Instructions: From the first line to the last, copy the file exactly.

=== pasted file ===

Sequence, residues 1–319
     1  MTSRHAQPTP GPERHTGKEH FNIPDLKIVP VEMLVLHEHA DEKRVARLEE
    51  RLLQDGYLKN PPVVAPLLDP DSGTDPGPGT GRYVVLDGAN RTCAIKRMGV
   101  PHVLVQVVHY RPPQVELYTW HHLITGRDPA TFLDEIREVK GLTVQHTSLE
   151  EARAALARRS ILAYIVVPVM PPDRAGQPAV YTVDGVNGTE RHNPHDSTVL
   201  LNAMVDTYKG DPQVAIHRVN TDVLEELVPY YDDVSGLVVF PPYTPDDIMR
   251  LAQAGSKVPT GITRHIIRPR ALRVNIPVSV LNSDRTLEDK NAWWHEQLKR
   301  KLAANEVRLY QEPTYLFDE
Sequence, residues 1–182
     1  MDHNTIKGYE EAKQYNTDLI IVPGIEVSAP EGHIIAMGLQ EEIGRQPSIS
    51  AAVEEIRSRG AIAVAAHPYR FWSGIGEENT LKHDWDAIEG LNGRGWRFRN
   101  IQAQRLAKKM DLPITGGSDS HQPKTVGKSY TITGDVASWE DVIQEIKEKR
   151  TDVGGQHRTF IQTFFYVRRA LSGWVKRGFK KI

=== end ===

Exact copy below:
Sequence, residues 1–319
     1  MTSRHAQPTP GPERHTGKEH FNIPDLKIVP VEMLVLHEHA DEKRVARLEE
    51  RLLQDGYLKN PPVVAPLLDP DSGTDPGPGT GRYVVLDGAN RTCAIKRMGV
   101  PHVLVQVVHY RPPQVELYTW HHLITGRDPA TFLDEIREVK GLTVQHTSLE
   151  EARAALARRS ILAYIVVPVM PPDRAGQPAV YTVDGVNGTE RHNPHDSTVL
   201  LNAMVDTYKG DPQVAIHRVN TDVLEELVPY YDDVSGLVVF PPYTPDDIMR
   251  LAQAGSKVPT GITRHIIRPR ALRVNIPVSV LNSDRTLEDK NAWWHEQLKR
   301  KLAANEVRLY QEPTYLFDE
Sequence, residues 1–182
     1  MDHNTIKGYE EAKQYNTDLI IVPGIEVSAP EGHIIAMGLQ EEIGRQPSIS
    51  AAVEEIRSRG AIAVAAHPYR FWSGIGEENT LKHDWDAIEG LNGRGWRFRN
   101  IQAQRLAKKM DLPITGGSDS HQPKTVGKSY TITGDVASWE DVIQEIKEKR
   151  TDVGGQHRTF IQTFFYVRRA LSGWVKRGFK KI